Roscoe L. Koontz (December 16, 1922 – May 17, 1997) was an American Health Physicist. Trained as one of the first health physicists through the first Atomic Energy Health Physics Fellowship Training Program at the University of Rochester, Koontz contributed to the development of practices, instrumentation, and techniques to protect people from ionizing radiation.
His early research focused on problems of neutron dosimetry, toxicology of uranium, plutonium, and fission products. Most of his career was spent at Atomics International where his key achievements included designing a pinhole gamma ray camera, developing techniques for measuring absolute thermal neutron flux using radioactive indium foils, and helping design and fabricate equipment to automate air and water sampling equipment and radiation activity measuring devices.
Born in St. Louis, Missouri, Koontz graduated from Vashon High School. He began college at Stowes Teachers College, but left for three years to join the U.S. Army during World War II.
During his military service, he received technical training at West Virginia State College through a special pre-engineering army training program. After being discharged from the army in 1946, he continued his education at Tennessee State University, where he graduated with distinction in Chemistry.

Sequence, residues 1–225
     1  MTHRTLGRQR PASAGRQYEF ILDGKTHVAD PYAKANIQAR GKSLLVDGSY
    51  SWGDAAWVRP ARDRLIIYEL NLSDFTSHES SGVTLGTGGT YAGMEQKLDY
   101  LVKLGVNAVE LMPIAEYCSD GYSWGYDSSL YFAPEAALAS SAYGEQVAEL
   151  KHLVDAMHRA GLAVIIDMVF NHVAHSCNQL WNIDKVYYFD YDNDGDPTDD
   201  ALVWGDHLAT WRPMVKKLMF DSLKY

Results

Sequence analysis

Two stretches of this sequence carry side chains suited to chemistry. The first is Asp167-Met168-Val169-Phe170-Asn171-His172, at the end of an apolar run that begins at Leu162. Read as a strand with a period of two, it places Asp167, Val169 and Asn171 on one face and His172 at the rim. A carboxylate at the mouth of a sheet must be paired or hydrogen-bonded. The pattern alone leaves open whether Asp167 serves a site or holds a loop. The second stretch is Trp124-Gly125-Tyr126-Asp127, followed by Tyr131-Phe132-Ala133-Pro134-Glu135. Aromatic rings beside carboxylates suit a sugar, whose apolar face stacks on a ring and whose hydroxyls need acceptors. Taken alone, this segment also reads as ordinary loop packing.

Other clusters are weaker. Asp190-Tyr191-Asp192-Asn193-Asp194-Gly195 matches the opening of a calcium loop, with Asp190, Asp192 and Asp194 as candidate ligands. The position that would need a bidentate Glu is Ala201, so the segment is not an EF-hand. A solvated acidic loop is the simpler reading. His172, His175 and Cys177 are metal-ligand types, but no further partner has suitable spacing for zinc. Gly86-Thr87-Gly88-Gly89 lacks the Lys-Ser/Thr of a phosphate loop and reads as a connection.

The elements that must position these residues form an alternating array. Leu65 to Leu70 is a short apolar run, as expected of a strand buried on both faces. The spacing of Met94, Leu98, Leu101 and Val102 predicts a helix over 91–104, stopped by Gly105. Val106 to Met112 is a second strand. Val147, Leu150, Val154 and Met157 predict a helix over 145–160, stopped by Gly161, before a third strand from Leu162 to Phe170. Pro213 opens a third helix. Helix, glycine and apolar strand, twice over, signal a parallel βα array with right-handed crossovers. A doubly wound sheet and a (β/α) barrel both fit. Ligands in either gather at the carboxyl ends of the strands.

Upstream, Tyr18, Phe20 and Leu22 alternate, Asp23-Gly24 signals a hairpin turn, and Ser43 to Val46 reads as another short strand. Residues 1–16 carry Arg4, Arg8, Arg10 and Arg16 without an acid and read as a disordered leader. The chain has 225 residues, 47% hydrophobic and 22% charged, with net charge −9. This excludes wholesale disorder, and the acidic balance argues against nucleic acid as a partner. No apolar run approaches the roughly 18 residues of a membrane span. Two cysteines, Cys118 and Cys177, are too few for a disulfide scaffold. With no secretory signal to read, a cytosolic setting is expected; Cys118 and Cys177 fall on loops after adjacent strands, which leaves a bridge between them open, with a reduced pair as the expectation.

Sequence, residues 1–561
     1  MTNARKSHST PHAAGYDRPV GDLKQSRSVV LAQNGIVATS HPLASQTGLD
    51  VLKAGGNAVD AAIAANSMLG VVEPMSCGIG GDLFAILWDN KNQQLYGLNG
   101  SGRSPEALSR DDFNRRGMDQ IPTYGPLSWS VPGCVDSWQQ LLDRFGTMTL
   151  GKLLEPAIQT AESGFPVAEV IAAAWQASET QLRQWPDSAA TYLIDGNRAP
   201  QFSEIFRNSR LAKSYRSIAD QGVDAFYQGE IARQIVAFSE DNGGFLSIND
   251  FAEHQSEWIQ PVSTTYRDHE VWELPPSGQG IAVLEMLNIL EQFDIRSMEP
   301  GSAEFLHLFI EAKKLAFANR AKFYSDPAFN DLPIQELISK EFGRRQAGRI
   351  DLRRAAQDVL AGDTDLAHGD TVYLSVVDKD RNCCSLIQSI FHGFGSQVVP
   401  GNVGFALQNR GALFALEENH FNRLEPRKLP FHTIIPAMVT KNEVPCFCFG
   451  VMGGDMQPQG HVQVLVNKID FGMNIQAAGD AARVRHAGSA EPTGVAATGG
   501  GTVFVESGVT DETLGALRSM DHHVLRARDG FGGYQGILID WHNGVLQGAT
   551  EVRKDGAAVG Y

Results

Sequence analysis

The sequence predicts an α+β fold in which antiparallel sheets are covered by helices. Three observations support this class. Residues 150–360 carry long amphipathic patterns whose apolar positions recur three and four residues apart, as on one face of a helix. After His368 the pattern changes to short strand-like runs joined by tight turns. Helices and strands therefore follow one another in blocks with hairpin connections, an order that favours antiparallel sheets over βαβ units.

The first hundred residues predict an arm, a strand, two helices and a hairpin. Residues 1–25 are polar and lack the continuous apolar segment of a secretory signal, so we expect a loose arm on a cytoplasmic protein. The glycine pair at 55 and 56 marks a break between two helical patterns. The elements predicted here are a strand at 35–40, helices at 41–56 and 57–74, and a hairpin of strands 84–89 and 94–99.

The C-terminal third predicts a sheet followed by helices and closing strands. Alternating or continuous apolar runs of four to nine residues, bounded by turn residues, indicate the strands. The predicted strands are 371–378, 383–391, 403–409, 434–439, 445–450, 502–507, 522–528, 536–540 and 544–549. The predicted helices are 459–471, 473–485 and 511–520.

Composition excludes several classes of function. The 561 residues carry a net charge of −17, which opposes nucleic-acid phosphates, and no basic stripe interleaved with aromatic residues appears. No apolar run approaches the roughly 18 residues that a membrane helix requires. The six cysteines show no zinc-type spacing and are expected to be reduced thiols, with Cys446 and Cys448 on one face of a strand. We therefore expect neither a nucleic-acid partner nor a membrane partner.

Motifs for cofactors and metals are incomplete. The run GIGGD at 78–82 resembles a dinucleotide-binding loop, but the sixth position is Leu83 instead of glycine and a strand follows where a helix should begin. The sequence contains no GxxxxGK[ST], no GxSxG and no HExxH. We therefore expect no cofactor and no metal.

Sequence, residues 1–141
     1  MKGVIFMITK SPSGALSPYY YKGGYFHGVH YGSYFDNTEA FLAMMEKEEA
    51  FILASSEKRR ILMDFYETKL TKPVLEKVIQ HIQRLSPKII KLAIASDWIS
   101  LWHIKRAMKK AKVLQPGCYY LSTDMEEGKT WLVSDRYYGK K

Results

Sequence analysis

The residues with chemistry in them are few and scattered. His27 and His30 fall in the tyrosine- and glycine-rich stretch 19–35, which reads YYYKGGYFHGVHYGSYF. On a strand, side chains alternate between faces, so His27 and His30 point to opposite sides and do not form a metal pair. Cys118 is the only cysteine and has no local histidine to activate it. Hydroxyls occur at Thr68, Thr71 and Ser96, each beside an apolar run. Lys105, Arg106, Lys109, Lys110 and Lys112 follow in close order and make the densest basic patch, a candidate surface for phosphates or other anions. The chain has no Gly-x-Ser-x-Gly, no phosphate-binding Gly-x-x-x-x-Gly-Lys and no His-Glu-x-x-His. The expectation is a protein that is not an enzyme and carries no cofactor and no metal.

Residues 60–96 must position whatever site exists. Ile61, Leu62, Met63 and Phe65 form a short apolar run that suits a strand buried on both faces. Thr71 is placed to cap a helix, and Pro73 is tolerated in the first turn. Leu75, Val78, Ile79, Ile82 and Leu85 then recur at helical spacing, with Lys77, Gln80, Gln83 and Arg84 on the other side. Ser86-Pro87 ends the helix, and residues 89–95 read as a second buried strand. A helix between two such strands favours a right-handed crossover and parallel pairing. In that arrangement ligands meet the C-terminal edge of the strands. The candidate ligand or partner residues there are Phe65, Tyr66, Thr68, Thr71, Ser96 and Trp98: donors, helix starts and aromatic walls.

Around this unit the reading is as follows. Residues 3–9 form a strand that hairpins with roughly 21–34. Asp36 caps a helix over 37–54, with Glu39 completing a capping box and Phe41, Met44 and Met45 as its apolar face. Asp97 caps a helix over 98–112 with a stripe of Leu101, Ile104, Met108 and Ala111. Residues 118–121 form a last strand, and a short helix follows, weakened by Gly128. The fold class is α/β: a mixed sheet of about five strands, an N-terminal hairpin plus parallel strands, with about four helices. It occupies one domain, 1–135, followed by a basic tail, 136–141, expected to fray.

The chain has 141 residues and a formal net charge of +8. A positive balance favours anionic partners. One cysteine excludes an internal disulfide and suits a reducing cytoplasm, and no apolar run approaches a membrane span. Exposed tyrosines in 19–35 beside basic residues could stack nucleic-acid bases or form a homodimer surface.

During his graduate studies at the University of Rochester, Koontz conducted research on problems of neutron dosimetry, toxicology of uranium, plutonium, and fission products.
Along with their instructors, the students in Koontz’s class of health physicists developed the first guidelines and procedures to protect people from ionizing radiation.
At Atomics International, Koontz designed a pinhole gamma ray camera. He also developed techniques for measuring absolute thermal neutron flux using radioactive indium foils, and helped design and fabricate equipment to automate air and water sampling equipment and radiation activity measuring devices.
Koontz was involved in the Clinch River Breeder Reactor project, where he was responsible for Atomics International’s contract on the design of the radioactive waste and sodium disposal system. The project was cancelled in 1983.